Core Inflation Conundrum

The Washington Times (Washington, DC), January 28, 2007 | Go to article overview
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Core Inflation Conundrum


Byline: Alfred Tella, SPECIAL TO THE WASHINGTON TIMES

On Jan. 18, the Bureau of Labor Statistics (BLS) released its report on the consumer price index (CPI) for December with apparently heartening news about inflation.

After accelerating during the first three quarters of 2006, core inflation (measured by the CPI excluding energy and food prices, which tend to be volatile and obscure the underlying trend in overall prices) slowed in the final three months of the year.

This improvement was presumably due to Federal Reserve policy. The good news about inflation was widely reported in the media. Still, members of the Fed's policymaking Federal Open Market Committee (FOMC) continue to say the main inflation risk is to the upside.

Though Fed officials favor the tamer (and less timely) inflation numbers from the national economic accounts as reported by the Commerce Department, they also closely watch the BLS consumer price data. The Federal Reserve system also produces its own measures of core inflation, notably a median CPI calculated each month by the Federal Reserve Bank of Cleveland that has been telling a different story than the BLS core index.

The traditional measure of core CPI inflation, which the BLS reports, excludes all energy and food prices from the overall index. It's a crude technique that throws out some nonvolatile items within the energy and food categories that can carry a valid signal of underlying inflation. It also retains other items that may be "noisy" and obscure the underlying trend. The Cleveland Fed's median CPI gets around these problems by taking another approach. It derives a weighted median index that excludes much of the noise in the BLS micro data and zeroes in on the more stable midpoint of the distribution of monthly price changes.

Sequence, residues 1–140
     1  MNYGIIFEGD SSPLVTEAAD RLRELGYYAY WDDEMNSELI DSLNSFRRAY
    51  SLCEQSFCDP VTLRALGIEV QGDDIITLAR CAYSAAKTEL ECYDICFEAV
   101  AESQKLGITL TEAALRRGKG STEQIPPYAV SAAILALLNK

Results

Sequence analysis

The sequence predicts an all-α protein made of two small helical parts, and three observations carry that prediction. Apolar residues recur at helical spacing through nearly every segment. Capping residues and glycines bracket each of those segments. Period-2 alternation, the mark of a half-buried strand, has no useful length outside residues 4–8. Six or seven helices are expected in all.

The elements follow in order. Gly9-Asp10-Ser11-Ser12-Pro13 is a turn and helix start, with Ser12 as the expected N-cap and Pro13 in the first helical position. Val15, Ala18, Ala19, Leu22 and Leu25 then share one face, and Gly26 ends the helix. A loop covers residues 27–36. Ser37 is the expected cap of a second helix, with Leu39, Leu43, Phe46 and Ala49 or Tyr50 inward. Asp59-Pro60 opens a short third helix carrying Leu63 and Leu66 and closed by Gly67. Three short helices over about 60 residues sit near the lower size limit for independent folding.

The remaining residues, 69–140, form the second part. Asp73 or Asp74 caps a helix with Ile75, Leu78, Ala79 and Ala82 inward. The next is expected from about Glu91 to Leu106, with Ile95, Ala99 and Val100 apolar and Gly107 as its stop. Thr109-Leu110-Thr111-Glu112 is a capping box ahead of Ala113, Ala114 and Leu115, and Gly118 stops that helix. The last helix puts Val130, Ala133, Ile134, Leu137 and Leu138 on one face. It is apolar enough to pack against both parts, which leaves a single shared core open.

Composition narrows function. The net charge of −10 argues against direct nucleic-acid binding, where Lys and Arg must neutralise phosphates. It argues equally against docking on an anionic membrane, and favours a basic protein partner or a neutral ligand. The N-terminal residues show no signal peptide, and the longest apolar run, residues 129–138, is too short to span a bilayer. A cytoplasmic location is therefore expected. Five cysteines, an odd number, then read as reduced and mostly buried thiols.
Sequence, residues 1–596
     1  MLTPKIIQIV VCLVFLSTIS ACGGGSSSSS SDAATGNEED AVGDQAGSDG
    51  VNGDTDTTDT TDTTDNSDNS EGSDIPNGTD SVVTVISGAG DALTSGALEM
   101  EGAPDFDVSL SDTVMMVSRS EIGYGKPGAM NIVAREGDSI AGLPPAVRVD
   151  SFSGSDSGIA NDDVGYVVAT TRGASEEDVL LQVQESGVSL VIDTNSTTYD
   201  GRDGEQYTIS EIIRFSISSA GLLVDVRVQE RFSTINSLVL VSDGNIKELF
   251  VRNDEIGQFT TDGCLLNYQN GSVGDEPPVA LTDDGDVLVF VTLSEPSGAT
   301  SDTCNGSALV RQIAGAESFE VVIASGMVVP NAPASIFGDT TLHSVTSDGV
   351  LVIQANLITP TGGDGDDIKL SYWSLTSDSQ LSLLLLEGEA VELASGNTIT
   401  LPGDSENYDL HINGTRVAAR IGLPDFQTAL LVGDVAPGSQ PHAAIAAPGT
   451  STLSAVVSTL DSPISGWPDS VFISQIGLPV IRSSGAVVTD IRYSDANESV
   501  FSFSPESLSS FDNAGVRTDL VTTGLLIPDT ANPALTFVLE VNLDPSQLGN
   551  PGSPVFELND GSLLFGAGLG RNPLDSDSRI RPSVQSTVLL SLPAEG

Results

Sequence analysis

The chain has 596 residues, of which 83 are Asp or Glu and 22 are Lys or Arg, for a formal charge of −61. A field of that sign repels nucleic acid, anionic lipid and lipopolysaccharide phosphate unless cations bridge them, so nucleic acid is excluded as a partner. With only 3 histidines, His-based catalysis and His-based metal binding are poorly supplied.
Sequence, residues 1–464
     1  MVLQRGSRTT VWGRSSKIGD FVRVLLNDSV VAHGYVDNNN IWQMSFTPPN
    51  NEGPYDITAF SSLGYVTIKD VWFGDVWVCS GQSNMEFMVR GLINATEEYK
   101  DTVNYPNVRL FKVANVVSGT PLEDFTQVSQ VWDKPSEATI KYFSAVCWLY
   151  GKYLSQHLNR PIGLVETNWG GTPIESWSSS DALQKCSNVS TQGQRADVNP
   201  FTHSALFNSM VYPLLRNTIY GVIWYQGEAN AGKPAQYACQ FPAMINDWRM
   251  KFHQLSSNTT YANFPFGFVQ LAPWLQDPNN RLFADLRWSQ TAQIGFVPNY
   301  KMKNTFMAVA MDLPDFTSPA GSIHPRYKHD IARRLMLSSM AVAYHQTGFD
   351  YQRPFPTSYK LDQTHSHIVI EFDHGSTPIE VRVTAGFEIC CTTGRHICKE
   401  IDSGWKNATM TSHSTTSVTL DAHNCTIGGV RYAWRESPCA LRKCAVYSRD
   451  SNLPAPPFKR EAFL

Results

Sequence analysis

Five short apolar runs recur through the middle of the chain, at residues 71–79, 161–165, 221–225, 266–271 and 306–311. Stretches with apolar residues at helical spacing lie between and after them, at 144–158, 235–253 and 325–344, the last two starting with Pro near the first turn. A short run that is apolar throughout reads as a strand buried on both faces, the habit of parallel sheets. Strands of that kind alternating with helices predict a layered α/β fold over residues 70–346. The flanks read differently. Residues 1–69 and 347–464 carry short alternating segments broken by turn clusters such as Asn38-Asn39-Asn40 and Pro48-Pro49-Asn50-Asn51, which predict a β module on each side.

The Cleveland Fed's median CPI is based on the work of Michael Bryan, a vice president and economist at the Cleveland bank, and Stephen Cecchetti, an economics professor at Brandeis University. A thorough evaluation of the median CPI and its performance was made by the Cleveland Fed before it decided to adopt the measure and calculate and report it monthly on its Web site. To illustrate the bank's confidence in the data, the heading on one of its permanent Web pages reads: "Median CPI provides better measure of core inflation." Analysis showed the weighted median CPI was more closely correlated with past money growth than competing core inflation measures and yielded improved inflation forecasts.

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